Total RNA was isolated using Trizol reagent (Invitrogen, Carlsbad, CA, USA) from E12.5 mouse whole brain tissues following genotyping. The RNA was treated with RNase-free DNase I (Invitrogen) to remove any residual DNA, and reverse-transcribed with oligo(dT) primer using the SuperScript First-Strand Synthesis System for RT-PCR (Invitrogen). Oligonucleotides used for PCR reactions (Fig. 1D) to detect mRNA of mouse Tgif and glyceraldehyde-3-phosphate dehydrogenase (G3PDH) are: 5′-AAGGTGTGCACTGGCGGAGT TCAG-3′ and 5′-GTAGTGTGGACAGGTGTGTCTGCTGG-3′ for splicing variant of Tgif between exon 1′ and exon 2 (Fig. 1D); 5′-GCCTGAGACCGGAGCACCTTGTTTAG-3′ and 5′-TCTGGACTGACTCCTTGGGCAGATTG-3′ for splicing variant between exon 1 and exon 2 (Fig. 1D); 5′-TTCT GCGAGACTGGCTGTATGAACAC-3′ and 5′-TACGCAGG AATGAAATGGGCTCTC-3′ for Tgif mRNA between exon 2 and exon 3; 5′-GTCTTCACCACCATGGAGAAGG-3′ and 5′-TACTCCAGGTGGTGGGACAACG-3′ for G3PDH.

Histology, immunohistochemistry and TUNEL analyses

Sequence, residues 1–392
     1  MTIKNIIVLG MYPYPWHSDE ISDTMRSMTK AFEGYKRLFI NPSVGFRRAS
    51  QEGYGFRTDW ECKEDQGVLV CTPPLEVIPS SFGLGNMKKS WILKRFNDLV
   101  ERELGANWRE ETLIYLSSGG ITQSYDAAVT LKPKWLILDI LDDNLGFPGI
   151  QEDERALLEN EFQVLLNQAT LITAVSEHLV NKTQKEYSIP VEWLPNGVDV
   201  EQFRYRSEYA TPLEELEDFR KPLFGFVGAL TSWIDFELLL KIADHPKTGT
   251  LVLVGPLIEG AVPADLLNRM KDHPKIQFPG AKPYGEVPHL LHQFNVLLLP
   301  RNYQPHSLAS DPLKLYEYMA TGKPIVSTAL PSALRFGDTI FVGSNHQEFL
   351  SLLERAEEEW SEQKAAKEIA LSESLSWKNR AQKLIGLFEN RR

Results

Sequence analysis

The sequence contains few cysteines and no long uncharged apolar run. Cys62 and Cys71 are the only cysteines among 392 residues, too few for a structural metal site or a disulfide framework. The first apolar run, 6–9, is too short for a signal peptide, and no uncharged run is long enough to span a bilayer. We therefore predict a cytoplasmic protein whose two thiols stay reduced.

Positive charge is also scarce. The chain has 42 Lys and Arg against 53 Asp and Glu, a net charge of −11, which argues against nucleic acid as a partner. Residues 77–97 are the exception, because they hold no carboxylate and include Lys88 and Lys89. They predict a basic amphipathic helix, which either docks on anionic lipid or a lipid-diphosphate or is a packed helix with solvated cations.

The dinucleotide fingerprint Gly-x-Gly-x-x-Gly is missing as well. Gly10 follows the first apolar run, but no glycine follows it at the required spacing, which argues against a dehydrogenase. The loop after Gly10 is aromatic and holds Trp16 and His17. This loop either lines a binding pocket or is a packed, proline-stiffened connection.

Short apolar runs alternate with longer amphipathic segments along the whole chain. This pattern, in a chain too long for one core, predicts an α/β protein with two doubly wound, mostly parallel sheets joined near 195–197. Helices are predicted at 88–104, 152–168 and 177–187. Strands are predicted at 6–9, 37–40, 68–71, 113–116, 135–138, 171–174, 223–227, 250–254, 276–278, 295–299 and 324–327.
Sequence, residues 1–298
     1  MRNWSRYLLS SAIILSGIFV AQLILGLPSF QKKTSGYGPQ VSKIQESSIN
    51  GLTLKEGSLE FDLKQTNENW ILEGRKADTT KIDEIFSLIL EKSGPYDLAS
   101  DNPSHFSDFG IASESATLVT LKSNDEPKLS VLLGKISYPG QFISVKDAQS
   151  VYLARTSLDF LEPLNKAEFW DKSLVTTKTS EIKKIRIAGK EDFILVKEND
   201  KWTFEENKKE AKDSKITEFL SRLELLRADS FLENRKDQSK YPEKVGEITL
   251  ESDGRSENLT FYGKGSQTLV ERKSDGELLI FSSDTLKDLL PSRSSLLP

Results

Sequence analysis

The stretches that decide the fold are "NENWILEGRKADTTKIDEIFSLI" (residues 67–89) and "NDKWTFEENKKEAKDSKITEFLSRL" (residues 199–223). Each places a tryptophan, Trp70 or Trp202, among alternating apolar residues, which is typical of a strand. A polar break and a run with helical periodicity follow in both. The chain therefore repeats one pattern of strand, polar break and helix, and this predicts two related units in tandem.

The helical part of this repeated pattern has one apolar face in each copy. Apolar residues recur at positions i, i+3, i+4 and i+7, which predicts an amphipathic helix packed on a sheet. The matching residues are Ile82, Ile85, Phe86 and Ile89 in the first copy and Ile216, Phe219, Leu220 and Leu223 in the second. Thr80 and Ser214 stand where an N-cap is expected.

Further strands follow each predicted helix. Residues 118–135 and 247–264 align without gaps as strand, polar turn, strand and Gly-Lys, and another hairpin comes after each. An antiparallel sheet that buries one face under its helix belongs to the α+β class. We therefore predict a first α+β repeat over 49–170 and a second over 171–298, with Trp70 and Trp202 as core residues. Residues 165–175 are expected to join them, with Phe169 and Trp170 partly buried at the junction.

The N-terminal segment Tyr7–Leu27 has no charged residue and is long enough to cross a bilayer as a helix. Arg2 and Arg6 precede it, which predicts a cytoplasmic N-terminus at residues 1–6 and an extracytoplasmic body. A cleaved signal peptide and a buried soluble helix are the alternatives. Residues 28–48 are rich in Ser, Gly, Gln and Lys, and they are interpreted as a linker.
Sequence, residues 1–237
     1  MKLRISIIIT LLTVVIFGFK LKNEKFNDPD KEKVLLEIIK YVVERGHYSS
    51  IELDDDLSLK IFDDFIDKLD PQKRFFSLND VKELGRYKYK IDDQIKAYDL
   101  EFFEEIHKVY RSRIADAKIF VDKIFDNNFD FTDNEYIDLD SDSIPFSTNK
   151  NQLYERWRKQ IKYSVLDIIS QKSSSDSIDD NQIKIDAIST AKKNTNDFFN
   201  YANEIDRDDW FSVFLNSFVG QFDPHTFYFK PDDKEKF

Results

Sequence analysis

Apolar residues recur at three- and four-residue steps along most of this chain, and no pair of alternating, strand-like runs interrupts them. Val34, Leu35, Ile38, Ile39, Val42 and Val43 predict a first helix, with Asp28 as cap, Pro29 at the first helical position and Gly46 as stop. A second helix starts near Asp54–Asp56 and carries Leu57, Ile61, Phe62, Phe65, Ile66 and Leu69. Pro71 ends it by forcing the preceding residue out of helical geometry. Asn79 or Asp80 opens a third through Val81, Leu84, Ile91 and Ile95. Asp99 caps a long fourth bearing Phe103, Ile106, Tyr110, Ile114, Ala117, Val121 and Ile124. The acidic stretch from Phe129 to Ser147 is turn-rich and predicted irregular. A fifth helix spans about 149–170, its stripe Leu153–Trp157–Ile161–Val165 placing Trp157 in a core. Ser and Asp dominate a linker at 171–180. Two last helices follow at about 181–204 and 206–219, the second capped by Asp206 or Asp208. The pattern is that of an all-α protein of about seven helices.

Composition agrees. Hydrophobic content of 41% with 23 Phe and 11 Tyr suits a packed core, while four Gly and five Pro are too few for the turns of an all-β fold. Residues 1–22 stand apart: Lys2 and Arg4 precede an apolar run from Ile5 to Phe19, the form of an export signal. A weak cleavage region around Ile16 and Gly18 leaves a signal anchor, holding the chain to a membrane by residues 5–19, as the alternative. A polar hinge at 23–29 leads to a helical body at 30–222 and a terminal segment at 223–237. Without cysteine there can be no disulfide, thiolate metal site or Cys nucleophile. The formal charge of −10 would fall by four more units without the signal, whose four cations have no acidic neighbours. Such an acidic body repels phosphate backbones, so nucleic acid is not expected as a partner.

Pregnant mice were sacrificed via carbon dioxide euthanasia. E10.5–12.5 embryos were dissected in cold PBS and fixed in 4% paraformaldehyde at 4°C overnight. Embryos were embedded in paraffin by using standard processing, and 5 µm serial sections stained with H&E to determine the histological features. For cryosectioning, fixed samples were dehydrated in 30% sucrose in PBS and embedded in Tissue-Tek OCT (Sakura USA, Torrance, CA, USA). For immunofluorescence, cryostat sections of 10 µm thickness were air-dried and incubated with 1× PBS followed with 1 h of blocking in 10% goat serum. Slides were incubated at 4°C with primary antibody overnight, followed by incubation with a fluorescence-conjugated secondary antibody for 2 h at room temperature. Nuclei were counter-stained with Hoechst33342 (Invitrogen). Primary antibodies used were as follows: mouse anti-Pax6 (Developmental Studies Hybridoma Bank, Iowa City, IA, USA), rabbit anti-Shh antibody (Santa Cruz Biotechnology). Indirect immunofluorescence was performed with goat anti-mouse Cy3-coupled antibody (Jackson ImmunoResearch, West Grove, PA, USA) or goat anti-rabbit FITC-coupled secondary antibody (Santa Cruz Biotechnology). Immunohistological staining was performed on 5 µm paraffin sections by using Histoplus immunostaining kit according to manufactures instructions (Invitrogen). The following primary antibodies were used: mouse anti-Ki-67 antibody (BD Pharmingen, Franklin Lakes, NJ, USA), PCNA (Sigma-Aldrich, St. Louis, MO, USA) and mouse anti-Nkx2.2 antibody (Developmental Studies Hybridoma Bank). TUNEL assays were performed on 5 µm paraffin sections by using the Apoptag kit (Chemicon, Temecula, CA, USA). Positive controls were performed via treatment with 0.1 µg/ml DNaseI (Sigma-Aldrich) for 10 min at room temperature for generation of nicks on double-strands DNA. Methyl green was used as a counter-stain.